France has hit its highest recorded temperature - 45.9C - amid a heatwave in Europe that has claimed several lives.
The new record was measured in the southern town of Gallargues-le-Montueux. Before this year the previous record was 44.1C during a heatwave in 2003 that killed thousands.
Health Minister Agnès Buzyn has said "everyone is at risk".
France's weather service has issued an unprecedented red alert for four areas. Those are all in the south, but most of the country remains on orange alert, the second highest level.
For the first time on record, #France sees a temperature above 45°C. Gallargues-le-Montueux recorded 45,9 °C, and Villevieille 45.1°C this afternoon. In France. in June. @meteofrance https://t.co/EfK5t9eCBd #heatwave #climatechange pic.twitter.com/yxGlfmUtms— WMO | OMM (@WMO) June 28, 2019
The greater Paris region has banned more than half of cars from its roads as the stifling heat worsened air pollution. The cities of Lyon, Strasbourg and Marseille have also restricted traffic.
Swathes of the continent are experiencing extreme heat. Germany, France, Poland and the Czech Republic have all recorded their highest-ever June temperatures.
In Spain firefighters are battling Catalonia's worst wildfires in 20 years. The wildfires are raging across 60 sq km of land, but firefighters said that area could quadruple.
Eight provinces are on red alert while temperatures are expected to rise above 42C in many areas.
The Italian ministry of health has reported emergency levels of heat in 16 cities.
First loss of life
Several people are believed to have lost their lives as a result of the extreme temperatures, including two who died from suspected heatstroke in Spain.
One, a 17-year-old farm worker in Córdoba, went into convulsions after cooling down in the farm swimming pool, while an 80-year-old man died on a street in the northern city of Valladolid.
In France, Prime Minister Edouard Philippe said a drowning was taking place every day and warned that the heat was making people "take risks".
On Thursday a 33-year-old roofer died after being taken ill as he worked on a building site in the western city of Rennes, where the temperature was 35C in the shade.
A six-year-old Syrian child was also in a serious condition after being thrown into the air by the force of a water jet from a fire hydrant that had been opened by residents in Saint Denis, north of Paris.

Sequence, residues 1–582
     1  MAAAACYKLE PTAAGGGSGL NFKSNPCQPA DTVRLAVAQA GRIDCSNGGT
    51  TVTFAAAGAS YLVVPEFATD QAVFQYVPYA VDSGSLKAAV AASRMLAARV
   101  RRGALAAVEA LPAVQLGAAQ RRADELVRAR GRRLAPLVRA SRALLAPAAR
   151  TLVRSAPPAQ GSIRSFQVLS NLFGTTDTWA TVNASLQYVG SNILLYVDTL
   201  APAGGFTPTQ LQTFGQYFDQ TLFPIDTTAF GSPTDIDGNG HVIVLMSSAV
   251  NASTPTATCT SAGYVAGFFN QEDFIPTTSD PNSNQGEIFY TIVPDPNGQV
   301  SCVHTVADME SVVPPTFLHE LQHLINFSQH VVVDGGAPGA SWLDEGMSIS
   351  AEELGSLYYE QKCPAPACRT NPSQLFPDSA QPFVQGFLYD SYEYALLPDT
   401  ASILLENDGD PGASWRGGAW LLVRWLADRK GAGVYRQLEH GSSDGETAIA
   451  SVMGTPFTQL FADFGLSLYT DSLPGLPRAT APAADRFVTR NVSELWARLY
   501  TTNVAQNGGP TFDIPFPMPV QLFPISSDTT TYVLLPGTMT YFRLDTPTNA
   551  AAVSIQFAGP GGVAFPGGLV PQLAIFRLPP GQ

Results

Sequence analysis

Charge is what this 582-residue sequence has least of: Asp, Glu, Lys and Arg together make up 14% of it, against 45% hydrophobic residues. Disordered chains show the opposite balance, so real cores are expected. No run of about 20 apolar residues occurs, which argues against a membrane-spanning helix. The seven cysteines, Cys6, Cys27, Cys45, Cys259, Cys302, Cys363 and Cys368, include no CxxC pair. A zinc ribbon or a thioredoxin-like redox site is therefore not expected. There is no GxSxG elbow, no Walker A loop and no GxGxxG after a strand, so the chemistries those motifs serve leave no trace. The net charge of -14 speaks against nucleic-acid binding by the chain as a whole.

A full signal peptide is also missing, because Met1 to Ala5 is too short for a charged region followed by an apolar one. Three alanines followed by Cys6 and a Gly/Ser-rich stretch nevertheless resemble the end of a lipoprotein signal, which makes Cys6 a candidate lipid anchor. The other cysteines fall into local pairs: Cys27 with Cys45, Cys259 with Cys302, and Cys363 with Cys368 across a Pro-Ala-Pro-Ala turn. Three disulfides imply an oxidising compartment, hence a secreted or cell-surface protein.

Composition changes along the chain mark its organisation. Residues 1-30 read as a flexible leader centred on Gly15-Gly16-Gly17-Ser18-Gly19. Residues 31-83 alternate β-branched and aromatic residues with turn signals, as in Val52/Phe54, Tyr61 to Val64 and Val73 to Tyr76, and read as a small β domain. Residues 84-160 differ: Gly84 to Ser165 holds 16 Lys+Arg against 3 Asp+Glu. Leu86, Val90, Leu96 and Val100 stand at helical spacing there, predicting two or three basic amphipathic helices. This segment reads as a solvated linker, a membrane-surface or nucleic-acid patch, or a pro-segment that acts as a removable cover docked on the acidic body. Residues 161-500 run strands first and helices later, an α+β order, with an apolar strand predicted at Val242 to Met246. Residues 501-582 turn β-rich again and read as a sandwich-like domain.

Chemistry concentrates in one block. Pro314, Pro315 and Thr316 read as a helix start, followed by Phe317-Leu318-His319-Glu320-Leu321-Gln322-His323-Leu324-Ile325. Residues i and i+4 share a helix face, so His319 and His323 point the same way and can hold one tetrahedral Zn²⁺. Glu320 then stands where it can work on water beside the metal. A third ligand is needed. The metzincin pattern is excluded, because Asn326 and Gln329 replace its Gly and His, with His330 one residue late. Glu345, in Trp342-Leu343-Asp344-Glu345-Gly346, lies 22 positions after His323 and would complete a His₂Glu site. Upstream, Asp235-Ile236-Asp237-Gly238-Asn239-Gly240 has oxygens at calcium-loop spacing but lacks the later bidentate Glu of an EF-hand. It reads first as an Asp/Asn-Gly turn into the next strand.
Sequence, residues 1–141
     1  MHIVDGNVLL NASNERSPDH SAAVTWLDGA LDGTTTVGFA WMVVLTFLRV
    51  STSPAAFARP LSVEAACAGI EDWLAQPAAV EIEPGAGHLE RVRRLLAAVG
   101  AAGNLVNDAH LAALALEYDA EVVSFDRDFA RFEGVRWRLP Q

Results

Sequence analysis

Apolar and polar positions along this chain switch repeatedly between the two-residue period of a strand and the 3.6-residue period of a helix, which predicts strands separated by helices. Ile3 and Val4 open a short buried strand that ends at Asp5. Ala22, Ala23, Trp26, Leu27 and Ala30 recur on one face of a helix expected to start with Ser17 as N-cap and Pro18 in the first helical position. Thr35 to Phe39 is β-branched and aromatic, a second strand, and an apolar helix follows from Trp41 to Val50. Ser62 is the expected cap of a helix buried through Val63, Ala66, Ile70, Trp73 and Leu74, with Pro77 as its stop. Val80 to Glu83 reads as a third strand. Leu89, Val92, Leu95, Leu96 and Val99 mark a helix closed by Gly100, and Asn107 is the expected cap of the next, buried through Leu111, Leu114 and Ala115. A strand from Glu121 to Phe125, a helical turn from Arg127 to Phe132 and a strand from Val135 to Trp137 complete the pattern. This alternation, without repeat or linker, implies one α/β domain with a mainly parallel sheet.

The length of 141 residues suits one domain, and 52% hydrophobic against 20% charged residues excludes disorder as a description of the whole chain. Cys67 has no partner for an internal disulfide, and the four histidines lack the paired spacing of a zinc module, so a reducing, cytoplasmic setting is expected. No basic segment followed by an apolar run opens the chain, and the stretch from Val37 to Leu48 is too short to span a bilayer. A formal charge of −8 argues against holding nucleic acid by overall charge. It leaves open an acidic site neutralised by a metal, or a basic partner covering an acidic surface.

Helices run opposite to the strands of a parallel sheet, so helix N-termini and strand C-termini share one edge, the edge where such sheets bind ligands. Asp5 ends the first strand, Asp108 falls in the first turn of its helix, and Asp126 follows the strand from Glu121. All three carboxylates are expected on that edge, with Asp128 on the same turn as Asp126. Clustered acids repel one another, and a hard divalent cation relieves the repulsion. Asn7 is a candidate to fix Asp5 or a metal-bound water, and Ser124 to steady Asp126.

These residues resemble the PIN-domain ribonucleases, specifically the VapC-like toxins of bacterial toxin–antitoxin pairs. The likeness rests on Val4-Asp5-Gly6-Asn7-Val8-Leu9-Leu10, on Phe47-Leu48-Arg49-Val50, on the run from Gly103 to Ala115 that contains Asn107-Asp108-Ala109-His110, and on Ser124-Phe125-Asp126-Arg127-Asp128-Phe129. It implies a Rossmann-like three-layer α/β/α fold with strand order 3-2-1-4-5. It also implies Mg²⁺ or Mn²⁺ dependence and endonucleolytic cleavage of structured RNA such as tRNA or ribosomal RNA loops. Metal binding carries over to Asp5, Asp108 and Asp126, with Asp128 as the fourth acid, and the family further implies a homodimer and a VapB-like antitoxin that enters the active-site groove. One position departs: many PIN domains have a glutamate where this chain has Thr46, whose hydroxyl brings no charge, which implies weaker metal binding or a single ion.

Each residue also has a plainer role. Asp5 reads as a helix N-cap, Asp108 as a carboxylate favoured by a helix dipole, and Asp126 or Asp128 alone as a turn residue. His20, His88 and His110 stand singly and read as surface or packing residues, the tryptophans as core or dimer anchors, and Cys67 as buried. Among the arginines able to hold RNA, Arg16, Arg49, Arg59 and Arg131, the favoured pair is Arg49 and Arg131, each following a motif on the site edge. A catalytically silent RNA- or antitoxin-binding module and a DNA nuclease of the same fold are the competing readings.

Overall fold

In the UK, police warned people of the dangers of cooling off in rivers and lakes after a 12-year-old girl drowned in the River Irwell in Greater Manchester.
Why is it getting so hot?
Meteorologists say hot air drawn in from northern Africa is responsible, caused by high pressure over central Europe and a storm stalling over the Atlantic.
In southern France, the areas of Gard, Vaucluse, Hérault and Bouches-du-Rhône are expected to see temperatures between 42C and 45C today.
French authorities have stepped up restrictions on water use to combat the heatwave's effects, while 4000 schools are now closed or have special measures in place to welcome pupils.
In a TV interview, Ms Buzyn said she was concerned about the increase in calls to emergency service numbers as a result of the heatwave.
She called on members of the public to avoid "risky behaviour" like leaving children in cars or jogging outside in the middle of the day.
Is climate change to blame?
Linking a single event to global warming is complicated.
While extreme weather events like heatwaves occur naturally, experts say these will happen more often because of climate change.
Records going back to the late 19th century show that the average temperature of the Earth's surface has increased by about one degree since industrialisation.
A climatology institute in Potsdam, Germany, says Europe's five hottest summers since 1500 have all been in the 21st century.
Scientists are concerned that rapid warming linked to the use of fossil fuels has serious implications for the stability of the planet's climate.